abolish it every where within thoso limits, and
failing to exercise that power, she becomes i-wiwm-lilile
tot its continuation. And this responsibility
ii tho more pressing bocauso the General Govern
ment ahne has this power. Tho state, individu
ally, have no power to lnter'erc with tho local mat
ters of each other. T. '., me, in tins respect, ii
an individual ni 1 independent sovereign1-. No
national ronie''., lor slavery could thcrcloro be pro
vided but hv tho Gonar.il Government itself.
We said somo timo sinco t'.at thu liidcpcndanl
lcmoorats had committed a radical error in ad
mitting, for tho sake of conciliation, that the Gen
eral Government had no power over Slavery in tho
Slave States. We think so still. We have thus
been guiltvof tho groat inconsistency of niaiiit.iiu
Ing, on nil occasions, that tho opponents of slave
ry had a controlling majority in tho Convention
that framed the constitution that they resolutely
determined not to admit the sanction of slavery
Into the Constitution, and did not admit it, and yet
that they Jul admit it.
After an argument in favor of the anti-slavery
character of thn Constitution, the Editor adds:
Now in view of nil these faots, to say that ala
Tery shall be "left to itself in tho States that cher
ish it," that there shall bo "no interference by tho
General Government with slavery in tho slave
Status," and yot that "tho General Government"
shall be "relieved from all responsibility for slave
ry," is a proposition so equivocul and absurd that
it never cuu bocome "the nuclous of a mighty
organisation throughout the country ;" for the
might of an organisation consists not so much iu
it numbers, as in the rectitude of its principles
and the consistency with which they are adhered to.
We have had enough of compromising with slave
holders: and tho platform proposed by Mr.Whittier,
as well as that of the Free Soil Conventions of 1848
and 1852, have been nothing less than compro
mises. We go now for "carrying the war into
Africa." We claim the constitutional power to
abolish slavery everywhere within tho nationnl do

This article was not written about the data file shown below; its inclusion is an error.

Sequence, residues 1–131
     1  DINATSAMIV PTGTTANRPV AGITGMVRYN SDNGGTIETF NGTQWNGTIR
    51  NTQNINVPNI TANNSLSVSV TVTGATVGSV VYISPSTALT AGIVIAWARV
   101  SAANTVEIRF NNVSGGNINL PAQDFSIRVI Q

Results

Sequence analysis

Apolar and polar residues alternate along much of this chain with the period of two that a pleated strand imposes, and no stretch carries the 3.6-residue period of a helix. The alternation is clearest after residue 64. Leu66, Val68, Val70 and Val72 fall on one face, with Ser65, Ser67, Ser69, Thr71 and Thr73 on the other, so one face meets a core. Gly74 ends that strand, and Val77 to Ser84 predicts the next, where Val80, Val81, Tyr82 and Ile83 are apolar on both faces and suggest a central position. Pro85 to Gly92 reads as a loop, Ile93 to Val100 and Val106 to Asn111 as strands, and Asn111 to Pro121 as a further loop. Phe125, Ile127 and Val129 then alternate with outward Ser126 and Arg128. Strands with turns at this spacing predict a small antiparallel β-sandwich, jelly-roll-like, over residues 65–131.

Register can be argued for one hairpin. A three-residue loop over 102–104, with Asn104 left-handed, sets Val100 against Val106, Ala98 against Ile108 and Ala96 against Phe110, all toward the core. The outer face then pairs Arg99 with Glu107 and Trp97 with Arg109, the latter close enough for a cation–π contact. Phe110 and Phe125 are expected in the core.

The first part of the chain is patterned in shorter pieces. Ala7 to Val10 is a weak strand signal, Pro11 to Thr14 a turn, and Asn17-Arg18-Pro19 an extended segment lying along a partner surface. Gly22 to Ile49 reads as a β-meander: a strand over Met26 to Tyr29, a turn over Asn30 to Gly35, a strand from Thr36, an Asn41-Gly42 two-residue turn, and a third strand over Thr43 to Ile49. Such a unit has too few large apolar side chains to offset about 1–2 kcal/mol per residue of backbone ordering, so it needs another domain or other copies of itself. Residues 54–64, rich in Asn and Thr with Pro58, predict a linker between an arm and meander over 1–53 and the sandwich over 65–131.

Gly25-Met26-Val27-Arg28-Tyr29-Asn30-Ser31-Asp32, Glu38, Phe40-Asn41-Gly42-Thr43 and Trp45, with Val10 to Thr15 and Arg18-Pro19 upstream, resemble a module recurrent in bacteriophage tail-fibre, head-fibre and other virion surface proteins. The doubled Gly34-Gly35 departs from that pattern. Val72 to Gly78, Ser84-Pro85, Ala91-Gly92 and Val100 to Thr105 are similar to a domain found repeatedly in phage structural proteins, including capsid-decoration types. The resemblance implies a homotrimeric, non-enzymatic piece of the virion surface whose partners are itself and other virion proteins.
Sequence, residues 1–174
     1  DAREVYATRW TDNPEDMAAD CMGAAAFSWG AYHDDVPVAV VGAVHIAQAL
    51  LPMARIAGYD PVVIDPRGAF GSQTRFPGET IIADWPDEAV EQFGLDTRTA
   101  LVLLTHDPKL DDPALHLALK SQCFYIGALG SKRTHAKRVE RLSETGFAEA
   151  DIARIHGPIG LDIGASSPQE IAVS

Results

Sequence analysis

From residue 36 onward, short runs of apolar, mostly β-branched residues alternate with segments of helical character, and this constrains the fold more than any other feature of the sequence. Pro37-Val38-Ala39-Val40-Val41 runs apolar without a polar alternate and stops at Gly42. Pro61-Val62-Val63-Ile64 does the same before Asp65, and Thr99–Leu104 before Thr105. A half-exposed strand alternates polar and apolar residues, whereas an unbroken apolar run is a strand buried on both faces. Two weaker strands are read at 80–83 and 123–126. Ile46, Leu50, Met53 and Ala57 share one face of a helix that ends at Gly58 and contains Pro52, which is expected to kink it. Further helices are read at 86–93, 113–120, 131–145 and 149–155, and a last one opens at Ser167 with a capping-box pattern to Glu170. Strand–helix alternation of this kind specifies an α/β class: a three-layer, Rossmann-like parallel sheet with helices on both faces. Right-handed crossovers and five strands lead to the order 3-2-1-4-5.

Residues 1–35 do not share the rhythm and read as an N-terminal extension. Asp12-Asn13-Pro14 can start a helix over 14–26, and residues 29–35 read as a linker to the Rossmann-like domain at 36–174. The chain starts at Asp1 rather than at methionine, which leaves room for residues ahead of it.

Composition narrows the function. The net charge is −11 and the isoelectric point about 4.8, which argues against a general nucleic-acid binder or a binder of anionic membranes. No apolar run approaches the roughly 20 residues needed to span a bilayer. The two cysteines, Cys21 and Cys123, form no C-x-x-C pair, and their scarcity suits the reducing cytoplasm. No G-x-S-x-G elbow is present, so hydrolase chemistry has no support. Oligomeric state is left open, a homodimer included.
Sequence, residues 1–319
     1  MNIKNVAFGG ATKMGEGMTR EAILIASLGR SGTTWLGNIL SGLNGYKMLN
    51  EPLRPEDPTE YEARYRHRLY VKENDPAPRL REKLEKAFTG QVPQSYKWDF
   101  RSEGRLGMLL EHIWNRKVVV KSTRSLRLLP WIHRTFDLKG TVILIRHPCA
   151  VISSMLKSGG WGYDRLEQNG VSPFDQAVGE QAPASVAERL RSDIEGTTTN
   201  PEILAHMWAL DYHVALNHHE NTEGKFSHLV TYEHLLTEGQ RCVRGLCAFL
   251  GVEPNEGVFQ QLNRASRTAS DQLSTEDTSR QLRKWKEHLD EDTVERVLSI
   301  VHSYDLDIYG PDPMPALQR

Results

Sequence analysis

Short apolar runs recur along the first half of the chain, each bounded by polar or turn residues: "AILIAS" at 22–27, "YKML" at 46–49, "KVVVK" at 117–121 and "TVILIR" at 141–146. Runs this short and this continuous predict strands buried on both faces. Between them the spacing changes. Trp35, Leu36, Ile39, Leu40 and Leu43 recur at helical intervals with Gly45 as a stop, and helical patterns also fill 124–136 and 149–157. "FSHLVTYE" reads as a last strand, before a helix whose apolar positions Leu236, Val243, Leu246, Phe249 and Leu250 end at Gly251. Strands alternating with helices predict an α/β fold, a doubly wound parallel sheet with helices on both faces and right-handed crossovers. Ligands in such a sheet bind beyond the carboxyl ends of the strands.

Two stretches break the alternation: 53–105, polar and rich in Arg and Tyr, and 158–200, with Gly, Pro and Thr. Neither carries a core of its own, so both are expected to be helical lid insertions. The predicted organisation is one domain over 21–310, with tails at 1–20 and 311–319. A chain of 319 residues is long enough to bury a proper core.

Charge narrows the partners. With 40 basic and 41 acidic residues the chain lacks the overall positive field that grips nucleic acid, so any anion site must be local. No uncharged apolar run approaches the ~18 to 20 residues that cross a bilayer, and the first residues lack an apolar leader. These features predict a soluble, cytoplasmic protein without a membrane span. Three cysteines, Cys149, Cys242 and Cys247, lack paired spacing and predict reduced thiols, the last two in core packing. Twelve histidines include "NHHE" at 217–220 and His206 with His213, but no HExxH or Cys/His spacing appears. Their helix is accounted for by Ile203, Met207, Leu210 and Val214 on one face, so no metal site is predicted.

main, and shall insist that this power be activly
employed to that end. If this shall lead to a dis
solution of the Union, (which we do not anticipate,)
we shall thank God for the ridanco ; for a Union
that has to be maintained by trampling down the
claims of justice and merer, and sheltering uuilor
tie asgis of Republicanism, the foulest forma of
uespousin, is uoi worm mo pneo umt is paiu
The Presbyterian close by giving its approba.
.(ton of Goodcll'i platform, rather than Whit tier's.
m' ConrioaiKis. The following well illustrates
the. compromising history of this government :
" ' We have compromised, and compromised i and
new we have the Nebraska bill! A camel brought
from Arabia into Persia, thrust his nose into the
hut of a miller, who said, "take it away, you ugly
brute" but the camel plead piteously that he was
old, and the miller suffered him. So, by degrees,
lie waa allowed to introduce ears and fore-legs;
but these, on a "solemn condition" of asking no
more. Scarcely had the miller turned round when
he saw the camel's whole body sprawling over the
.floor; he remonstrated in a passion, when the
.camel answered, "Oh, well, if you are at all in
(Oommoded, do not stay on hiy account !" Laugh
ter. Thus Slavery got her noso in, then her forc
ings, on "solemn condition," and presently you
shall tee her misshapen length sprawling over
, . .. . -
... Exhale Cattai.v. Among the Turkish troops
re the soldiers of a' Turkish tribe, who have a
woraan for their chief. She has appeared in the
Turkish camp at their head. A correspondent of
Jhe Leader describes ber as follows t
" Her hood is wound round with an immense
urWi, and in her girdle, she has the old fashioned
vaiaaaji and pistol. She is dressed throughout in
male attire, and baa the color aud features of a
man. and might easily be mistaken for ono, except
for the one decisive mark, that sho wants entirely
beard and moustache. riho has a courageous and